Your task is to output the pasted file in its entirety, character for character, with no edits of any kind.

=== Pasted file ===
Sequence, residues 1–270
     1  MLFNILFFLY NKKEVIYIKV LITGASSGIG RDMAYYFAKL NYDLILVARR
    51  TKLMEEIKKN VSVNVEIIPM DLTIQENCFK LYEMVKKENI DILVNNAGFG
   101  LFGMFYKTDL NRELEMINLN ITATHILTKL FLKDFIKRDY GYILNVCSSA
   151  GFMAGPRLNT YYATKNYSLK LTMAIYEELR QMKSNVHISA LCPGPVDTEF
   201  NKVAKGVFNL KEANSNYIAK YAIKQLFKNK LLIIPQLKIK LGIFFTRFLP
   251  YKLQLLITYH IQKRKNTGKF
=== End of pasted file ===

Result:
Sequence, residues 1–270
     1  MLFNILFFLY NKKEVIYIKV LITGASSGIG RDMAYYFAKL NYDLILVARR
    51  TKLMEEIKKN VSVNVEIIPM DLTIQENCFK LYEMVKKENI DILVNNAGFG
   101  LFGMFYKTDL NRELEMINLN ITATHILTKL FLKDFIKRDY GYILNVCSSA
   151  GFMAGPRLNT YYATKNYSLK LTMAIYEELR QMKSNVHISA LCPGPVDTEF
   201  NKVAKGVFNL KEANSNYIAK YAIKQLFKNK LLIIPQLKIK LGIFFTRFLP
   251  YKLQLLITYH IQKRKNTGKF